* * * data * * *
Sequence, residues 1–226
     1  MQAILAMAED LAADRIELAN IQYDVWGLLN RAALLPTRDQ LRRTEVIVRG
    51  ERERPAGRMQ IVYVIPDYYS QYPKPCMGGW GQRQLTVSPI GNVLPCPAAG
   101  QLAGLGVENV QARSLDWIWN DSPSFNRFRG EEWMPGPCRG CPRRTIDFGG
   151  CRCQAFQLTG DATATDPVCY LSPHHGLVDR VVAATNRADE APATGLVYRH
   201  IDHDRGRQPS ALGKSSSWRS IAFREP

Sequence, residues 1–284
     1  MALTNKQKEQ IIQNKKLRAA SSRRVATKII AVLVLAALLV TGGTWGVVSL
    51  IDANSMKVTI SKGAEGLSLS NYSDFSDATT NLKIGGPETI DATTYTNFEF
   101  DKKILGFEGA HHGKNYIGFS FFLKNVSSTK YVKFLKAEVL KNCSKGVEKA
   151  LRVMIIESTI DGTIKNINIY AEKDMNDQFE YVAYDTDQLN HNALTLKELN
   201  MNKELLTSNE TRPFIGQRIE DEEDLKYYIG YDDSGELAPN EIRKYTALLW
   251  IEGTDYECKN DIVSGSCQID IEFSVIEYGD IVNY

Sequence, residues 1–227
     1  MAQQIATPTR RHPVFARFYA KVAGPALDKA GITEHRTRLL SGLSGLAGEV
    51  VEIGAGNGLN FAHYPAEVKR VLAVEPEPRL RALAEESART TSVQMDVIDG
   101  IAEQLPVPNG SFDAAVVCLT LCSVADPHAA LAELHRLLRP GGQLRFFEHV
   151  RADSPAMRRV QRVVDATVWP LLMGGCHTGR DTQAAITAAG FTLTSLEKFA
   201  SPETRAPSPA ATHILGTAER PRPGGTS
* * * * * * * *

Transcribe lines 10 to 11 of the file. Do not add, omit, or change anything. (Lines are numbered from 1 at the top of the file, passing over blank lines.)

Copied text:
   101  DKKILGFEGA HHGKNYIGFS FFLKNVSSTK YVKFLKAEVL KNCSKGVEKA
   151  LRVMIIESTI DGTIKNINIY AEKDMNDQFE YVAYDTDQLN HNALTLKELN